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What is a persona? There are variations to what we can create so lets have a look at some options.
A student persona named Jordan


Personas are a powerful storytelling device to help your stakeholders understand the users within your challenge. Once created personas can be used throughout the design thinking process – and even for other relevant studies.

What is a persona:

A fictional character, based on your research, which represents the different types of people who are impacted by the problem or opportunity you are focusing on.

Why use this method:

Personas will help you to understand the needs, motivations, goals, experiences and behaviours of the different types of people you are designing for. These can help you to better empathise with others, recognising the different needs and expectations that people have. They can help guide you through ideation and prototyping and are a powerful tool to help others (such as your industry partner or stakeholders) to connect with the users.

How to use this method:

  • This should be done in a group, after you have shared insights through the likes of an empathy map (see empathy map). Based on the knowledge and data you have collected, form a general idea of different users.
  • Decide the number of personas that will make sense to create, this should be more than one persona and they will be differentiated through having different needs and goals.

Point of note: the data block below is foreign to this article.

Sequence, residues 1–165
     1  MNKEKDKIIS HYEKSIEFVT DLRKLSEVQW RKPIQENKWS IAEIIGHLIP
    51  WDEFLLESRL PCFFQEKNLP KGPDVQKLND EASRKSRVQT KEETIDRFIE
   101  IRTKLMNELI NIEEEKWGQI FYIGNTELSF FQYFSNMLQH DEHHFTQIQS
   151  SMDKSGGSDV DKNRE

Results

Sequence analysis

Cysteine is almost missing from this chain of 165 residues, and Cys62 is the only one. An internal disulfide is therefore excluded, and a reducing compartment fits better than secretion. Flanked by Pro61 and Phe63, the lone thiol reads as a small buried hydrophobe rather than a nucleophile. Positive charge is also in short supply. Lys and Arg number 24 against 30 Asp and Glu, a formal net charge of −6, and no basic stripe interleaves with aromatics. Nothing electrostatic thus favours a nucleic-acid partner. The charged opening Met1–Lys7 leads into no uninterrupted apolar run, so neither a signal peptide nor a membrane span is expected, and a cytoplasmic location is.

• Describe the personas in a way so that others can empathise with them. You should include details about their interests, values, goals, needs, attitudes, patterns of behavior, their user experiences, both positive and negative.
  • Give your persona a name, a gender, an age and you could mention their lifestyle and education.
  • Test your personas with others to obtain their acceptance or challenges for your consideration, this could include testing it with stakeholders within the challenge and other users.


Persona Templates or Paper, flipchart or whiteboard, pens and markers

Tips from using in the field:

  • It is important to do this in a group, to gain a shared acceptance and recognition of the persona’s so they can become stronger tools to use through ideation, prototyping and testing.
  • Check that you are using direct quotes from the people you engaged with and observed for whom this persona is representing (this is to avoid stereotyping).
  • There are many templates online or you can create your own
  • Ensure they are written in a way that you can ‘share’ these with people and they feel drawn to them as though they are real people (can others imagine them).
  • Be careful of biassing your persona. The needs and motivations must be real (from your data) but then when you create the person part be careful that you don’t add your bias (e.g. are all your personas male, or from the same culture, or suddenly are environmentally friendly etc).

Search engine time again.

Search for persona templates and see which templates you find are best for you.
What are the common headings that all personas seem to have?

Post your findings in the comments below.

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